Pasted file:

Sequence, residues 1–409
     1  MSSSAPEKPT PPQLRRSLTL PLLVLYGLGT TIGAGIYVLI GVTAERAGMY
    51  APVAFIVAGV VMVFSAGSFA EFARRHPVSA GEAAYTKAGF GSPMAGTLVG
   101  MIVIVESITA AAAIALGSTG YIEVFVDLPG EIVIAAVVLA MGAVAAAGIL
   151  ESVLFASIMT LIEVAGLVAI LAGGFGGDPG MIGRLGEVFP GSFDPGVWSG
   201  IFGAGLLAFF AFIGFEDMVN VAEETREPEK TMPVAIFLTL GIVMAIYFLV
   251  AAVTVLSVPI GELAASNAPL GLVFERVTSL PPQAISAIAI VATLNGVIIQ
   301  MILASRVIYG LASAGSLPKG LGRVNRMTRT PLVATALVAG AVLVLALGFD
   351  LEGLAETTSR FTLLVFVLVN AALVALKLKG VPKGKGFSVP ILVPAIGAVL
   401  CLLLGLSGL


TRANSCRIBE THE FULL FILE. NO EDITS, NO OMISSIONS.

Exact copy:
Sequence, residues 1–409
     1  MSSSAPEKPT PPQLRRSLTL PLLVLYGLGT TIGAGIYVLI GVTAERAGMY
    51  APVAFIVAGV VMVFSAGSFA EFARRHPVSA GEAAYTKAGF GSPMAGTLVG
   101  MIVIVESITA AAAIALGSTG YIEVFVDLPG EIVIAAVVLA MGAVAAAGIL
   151  ESVLFASIMT LIEVAGLVAI LAGGFGGDPG MIGRLGEVFP GSFDPGVWSG
   201  IFGAGLLAFF AFIGFEDMVN VAEETREPEK TMPVAIFLTL GIVMAIYFLV
   251  AAVTVLSVPI GELAASNAPL GLVFERVTSL PPQAISAIAI VATLNGVIIQ
   301  MILASRVIYG LASAGSLPKG LGRVNRMTRT PLVATALVAG AVLVLALGFD
   351  LEGLAETTSR FTLLVFVLVN AALVALKLKG VPKGKGFSVP ILVPAIGAVL
   401  CLLLGLSGL